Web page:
Thousands of people have taken to the streets of Madrid to protest against government moves to legalise marriage for same-sex couples.
Gay rights activists are staging their own counter-protest nearby
The protest is being led by Roman Catholic bishops and members of the conservative opposition Popular Party.
More than 500 buses were laid on to ferry people to Madrid, along with special flights from the Canary Islands and Spanish areas in Morocco.
In April the lower house voted for gay couples to marry and adopt children.
The Vatican condemned the bill, which if also passed by the Spanish Senate, will make Spain one of the few European countries to allow homosexuals to marry and to adopt children.
Belgium and the Netherlands have also legalised gay marriages.
The head of the Vatican's Pontifical Council on the Family, Cardinal Alfonso Lopez Trujillo, denounced the legislation as profoundly iniquitous.
When Socialist Prime Minister Jose Luis Rodriguez Zapatero took office over a year ago, he made it clear he intended to remove what he called the Church's undeniable advantages and make Spain a secular state.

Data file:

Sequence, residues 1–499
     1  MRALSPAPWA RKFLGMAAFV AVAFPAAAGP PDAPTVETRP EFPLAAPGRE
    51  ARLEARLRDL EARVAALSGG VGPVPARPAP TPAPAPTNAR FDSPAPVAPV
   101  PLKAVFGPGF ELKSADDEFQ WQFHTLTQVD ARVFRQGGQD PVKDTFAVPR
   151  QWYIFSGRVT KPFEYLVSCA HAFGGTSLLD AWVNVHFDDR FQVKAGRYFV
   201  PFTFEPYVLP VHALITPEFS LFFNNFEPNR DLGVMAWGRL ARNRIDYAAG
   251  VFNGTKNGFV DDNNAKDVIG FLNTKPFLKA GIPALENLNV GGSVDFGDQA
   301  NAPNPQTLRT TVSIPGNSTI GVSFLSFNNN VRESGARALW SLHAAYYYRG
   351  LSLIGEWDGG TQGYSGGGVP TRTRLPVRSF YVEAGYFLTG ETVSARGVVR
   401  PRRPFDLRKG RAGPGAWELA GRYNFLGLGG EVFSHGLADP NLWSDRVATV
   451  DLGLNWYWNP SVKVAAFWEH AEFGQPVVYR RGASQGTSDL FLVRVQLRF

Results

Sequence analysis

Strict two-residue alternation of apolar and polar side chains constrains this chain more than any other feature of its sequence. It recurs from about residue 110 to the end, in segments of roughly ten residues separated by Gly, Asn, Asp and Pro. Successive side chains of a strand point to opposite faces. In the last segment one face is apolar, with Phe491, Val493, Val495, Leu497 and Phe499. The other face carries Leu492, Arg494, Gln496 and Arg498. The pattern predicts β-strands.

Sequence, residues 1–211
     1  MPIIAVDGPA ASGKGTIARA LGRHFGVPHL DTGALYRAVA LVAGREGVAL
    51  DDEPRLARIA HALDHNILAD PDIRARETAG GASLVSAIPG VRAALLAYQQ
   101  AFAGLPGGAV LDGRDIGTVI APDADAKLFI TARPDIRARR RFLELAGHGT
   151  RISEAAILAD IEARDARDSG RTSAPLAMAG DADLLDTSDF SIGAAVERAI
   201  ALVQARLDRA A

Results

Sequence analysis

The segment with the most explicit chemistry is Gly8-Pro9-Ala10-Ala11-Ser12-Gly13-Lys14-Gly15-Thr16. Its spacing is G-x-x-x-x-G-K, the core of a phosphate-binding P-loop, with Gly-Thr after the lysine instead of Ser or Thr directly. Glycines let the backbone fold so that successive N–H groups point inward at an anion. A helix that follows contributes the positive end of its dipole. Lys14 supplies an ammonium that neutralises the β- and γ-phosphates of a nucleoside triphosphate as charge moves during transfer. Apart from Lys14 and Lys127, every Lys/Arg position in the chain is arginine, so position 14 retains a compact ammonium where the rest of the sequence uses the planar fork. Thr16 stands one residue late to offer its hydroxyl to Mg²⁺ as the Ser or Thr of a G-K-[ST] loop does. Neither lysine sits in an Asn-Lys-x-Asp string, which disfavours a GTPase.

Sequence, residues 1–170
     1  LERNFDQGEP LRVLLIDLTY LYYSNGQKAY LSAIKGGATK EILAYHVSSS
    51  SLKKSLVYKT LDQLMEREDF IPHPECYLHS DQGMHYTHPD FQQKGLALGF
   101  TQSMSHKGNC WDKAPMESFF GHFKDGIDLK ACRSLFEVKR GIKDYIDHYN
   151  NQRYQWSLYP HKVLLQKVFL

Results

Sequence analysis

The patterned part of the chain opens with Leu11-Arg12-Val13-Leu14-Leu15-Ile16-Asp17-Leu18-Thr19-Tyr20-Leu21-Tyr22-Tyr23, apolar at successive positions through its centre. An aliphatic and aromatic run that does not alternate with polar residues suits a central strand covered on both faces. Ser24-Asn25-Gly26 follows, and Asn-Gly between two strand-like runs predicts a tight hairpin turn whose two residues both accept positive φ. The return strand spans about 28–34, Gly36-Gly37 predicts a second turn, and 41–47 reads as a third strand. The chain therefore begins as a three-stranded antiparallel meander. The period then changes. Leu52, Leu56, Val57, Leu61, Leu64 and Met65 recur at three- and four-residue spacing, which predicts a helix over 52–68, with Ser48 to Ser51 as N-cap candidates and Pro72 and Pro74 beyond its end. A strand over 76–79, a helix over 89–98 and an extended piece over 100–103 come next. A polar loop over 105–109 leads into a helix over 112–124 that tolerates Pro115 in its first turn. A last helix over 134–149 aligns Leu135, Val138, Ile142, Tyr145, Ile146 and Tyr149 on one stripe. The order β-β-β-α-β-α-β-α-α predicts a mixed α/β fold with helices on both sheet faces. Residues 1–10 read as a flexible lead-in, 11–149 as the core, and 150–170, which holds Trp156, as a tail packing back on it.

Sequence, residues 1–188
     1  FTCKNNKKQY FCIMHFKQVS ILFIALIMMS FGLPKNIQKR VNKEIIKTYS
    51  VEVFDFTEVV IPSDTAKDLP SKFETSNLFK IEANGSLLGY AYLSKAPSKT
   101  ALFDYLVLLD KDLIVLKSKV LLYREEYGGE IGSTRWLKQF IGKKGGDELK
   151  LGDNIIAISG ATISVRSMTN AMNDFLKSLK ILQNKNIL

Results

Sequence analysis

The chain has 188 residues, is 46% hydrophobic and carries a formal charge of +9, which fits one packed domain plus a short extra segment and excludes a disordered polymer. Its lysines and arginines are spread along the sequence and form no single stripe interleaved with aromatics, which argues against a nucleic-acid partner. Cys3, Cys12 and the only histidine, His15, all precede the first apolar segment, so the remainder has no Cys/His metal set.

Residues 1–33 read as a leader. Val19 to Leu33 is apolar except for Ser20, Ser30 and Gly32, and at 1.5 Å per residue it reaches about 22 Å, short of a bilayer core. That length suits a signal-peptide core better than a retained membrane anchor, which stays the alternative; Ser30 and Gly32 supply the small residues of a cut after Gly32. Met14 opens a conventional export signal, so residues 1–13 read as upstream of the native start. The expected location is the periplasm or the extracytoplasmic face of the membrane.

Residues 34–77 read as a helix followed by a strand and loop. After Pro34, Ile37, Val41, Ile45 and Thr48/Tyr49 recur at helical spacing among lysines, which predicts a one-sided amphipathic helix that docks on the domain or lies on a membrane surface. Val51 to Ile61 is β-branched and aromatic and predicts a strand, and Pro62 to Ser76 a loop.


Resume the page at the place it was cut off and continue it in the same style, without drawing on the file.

Mr Zapatero has indicated that he also intends to streamline divorce law and even to relax the conditions placed on abortion.
Opinion polls suggest that a majority of Spaniards support the gay marriage and adoption bill.
However, the move has met resistance in the predominantly Roman Catholic nation, with several Spanish mayors saying that they will refuse to marry same sex couples if the bill becomes law.
The march has been organised by the Spanish Forum for the Family (FEF), a lay Catholic group, whose slogan for the march is "The family is important. For the right to have a mother and father. For liberty".
Gay and lesbian groups are staging their own counter protest a short distance from the march to voice their support for the bill.